#1
Jan412, 06:03 AM

P: 12

It is known that for every n > 1 there is always at least one prime p such that n < p < 2n.
The Bertrand's theorem's proof I read is quite involved. I've thought of another way to prove it but I think it's too simple to be correct. Can anyone please point out my mistakes? below, Fundamental Theorem means the Fundamental Theorem of Arithmetic Proof: # 1) for any n > 1, n can be expressed as a product of prime factors (Fundamental Theorem) 2) Let PF[n] be a set containing all prime numbers that appear in the prime factorization of n. e.g. PF[6] = {2,3} 3) obviously, if x is in PF[n] then x ≤ n. 4) for all prime numbers that are smaller than n, we look for one that is not in PF[n], if it exists, let it be M. for M exists: 5a) consider K = n + M, K ≤ 2n (from 4) 6a) now, K is not divisible by any prime smaller than n, since for any prime that divides n, it does not divide M, and M does not divide n. (from 4) 7a) but K has a prime factorization (Fundamental Theorem) 8a) hence there must be a prime in the range [n, 2n] for M not exists: 5b) consider K' = n+1, K ≤ 2n (assumption, n>1) 6b) now, K is not divisible by any prime smaller than n, since for any prime that divides n, it does not divide 1. 7b) but K has a prime factorization (Fundamental Theorem) 8b) hence there must be a prime in the range [n, 2n] This proof seems alright to me, but after all I'm just an amateur. I would be grateful if anyone could point out the insufficiency of this proof so that I can learn from my mistakes. Thanks.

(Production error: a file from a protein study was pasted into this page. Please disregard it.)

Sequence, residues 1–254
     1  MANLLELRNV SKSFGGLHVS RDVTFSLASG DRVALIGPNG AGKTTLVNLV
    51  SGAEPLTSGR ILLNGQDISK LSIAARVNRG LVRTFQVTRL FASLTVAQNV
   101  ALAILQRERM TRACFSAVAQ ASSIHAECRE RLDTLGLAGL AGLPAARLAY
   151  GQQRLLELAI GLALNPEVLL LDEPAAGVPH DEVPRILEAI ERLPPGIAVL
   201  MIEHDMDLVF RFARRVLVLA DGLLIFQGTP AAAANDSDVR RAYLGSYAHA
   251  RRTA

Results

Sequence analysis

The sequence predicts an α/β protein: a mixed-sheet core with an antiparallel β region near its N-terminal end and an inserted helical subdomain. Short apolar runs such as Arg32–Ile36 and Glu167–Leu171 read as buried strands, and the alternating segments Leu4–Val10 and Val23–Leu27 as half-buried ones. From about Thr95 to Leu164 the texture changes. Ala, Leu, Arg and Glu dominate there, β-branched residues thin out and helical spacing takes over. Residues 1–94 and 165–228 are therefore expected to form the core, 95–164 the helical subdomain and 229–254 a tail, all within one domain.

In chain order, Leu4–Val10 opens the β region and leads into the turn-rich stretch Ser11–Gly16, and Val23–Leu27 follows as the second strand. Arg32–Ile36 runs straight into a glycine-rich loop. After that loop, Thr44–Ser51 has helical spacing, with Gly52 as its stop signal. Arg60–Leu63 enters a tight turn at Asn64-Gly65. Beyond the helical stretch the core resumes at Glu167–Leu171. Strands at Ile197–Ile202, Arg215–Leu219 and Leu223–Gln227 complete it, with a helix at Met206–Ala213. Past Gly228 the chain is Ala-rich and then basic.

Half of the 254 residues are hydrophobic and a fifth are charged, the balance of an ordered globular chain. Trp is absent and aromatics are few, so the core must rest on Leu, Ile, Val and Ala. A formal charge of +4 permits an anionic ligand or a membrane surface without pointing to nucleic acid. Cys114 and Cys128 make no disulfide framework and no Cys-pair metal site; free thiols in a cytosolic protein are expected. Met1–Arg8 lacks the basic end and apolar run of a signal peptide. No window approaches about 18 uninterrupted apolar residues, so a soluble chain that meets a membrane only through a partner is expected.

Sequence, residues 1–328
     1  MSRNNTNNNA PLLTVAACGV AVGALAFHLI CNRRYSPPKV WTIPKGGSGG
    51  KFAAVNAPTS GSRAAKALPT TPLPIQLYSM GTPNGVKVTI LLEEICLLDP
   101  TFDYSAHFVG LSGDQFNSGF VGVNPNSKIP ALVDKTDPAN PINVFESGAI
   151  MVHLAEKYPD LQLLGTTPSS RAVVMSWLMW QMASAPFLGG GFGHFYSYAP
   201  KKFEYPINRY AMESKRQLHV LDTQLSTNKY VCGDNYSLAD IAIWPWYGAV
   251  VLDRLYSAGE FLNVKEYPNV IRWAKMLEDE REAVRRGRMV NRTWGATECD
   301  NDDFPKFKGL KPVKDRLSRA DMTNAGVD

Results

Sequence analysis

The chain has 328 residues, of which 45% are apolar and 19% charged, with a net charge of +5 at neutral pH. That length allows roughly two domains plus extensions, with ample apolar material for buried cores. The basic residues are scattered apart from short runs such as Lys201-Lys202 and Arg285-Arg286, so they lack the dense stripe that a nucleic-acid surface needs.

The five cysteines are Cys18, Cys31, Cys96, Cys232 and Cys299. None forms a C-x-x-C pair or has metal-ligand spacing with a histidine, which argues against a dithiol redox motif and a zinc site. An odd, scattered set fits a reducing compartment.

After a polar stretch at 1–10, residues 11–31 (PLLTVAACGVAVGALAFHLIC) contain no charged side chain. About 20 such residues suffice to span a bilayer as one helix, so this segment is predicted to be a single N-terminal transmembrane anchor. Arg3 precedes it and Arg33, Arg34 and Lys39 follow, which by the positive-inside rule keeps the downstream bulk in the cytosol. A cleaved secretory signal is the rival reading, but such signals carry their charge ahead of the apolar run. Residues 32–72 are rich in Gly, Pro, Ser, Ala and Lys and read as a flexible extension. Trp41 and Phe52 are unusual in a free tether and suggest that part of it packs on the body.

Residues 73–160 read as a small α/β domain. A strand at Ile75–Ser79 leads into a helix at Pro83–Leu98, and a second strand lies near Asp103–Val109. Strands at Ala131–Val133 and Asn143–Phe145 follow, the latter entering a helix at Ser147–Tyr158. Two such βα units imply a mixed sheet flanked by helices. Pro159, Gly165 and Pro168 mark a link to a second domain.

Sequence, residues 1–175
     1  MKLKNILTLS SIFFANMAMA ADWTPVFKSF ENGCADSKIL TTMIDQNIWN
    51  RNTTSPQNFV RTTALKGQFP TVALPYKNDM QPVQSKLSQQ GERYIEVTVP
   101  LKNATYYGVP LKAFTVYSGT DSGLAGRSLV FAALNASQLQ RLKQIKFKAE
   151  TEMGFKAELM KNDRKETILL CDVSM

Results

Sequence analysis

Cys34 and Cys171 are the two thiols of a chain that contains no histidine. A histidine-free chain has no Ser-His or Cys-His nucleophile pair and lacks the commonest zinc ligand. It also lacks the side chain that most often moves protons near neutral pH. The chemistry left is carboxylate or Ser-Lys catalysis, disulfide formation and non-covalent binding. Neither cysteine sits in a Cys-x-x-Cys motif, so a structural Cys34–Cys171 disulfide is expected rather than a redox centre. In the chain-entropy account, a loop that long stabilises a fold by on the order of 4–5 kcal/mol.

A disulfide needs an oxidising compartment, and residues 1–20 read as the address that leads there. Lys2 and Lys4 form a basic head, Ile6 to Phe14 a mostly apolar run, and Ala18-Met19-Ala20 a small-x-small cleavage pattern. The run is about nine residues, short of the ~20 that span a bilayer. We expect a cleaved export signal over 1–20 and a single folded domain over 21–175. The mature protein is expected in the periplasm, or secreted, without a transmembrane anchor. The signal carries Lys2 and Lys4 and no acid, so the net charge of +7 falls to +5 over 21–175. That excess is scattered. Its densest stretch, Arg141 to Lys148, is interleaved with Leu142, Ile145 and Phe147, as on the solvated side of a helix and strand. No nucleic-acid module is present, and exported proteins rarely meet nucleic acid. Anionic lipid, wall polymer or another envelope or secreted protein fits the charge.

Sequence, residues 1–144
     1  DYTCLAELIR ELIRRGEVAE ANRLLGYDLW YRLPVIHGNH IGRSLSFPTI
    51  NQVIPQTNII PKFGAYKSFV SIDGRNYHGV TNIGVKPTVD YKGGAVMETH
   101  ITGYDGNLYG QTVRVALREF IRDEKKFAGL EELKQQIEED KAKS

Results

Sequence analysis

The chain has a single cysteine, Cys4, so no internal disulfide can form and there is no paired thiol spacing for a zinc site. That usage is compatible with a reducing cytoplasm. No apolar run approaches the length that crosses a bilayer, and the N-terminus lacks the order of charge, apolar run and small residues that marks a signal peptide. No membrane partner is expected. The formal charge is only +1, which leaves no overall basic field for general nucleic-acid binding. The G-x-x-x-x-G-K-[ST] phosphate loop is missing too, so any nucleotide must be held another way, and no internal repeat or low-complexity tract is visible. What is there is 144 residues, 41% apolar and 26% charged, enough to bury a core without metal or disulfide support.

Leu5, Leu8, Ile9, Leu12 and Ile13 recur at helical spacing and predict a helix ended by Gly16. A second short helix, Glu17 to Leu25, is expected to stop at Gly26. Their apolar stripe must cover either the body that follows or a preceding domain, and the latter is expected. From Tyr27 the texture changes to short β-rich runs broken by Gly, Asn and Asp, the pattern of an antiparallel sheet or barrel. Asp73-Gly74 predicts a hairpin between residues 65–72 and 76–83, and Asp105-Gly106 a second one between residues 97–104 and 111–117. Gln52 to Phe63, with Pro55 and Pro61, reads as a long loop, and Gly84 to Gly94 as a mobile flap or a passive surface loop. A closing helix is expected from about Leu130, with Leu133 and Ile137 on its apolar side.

#2
Jan412, 06:46 AM

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#3
Jan412, 06:53 AM

P: 12

ok, I understand now, thanks!




#4
Jan612, 08:34 AM

P: 42

Proving (a weaker form of) Bertrand's postulate 



#5
Jan612, 08:49 AM

P: 42





#6
Jan612, 10:18 AM

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#7
Jan612, 10:56 AM

P: 42




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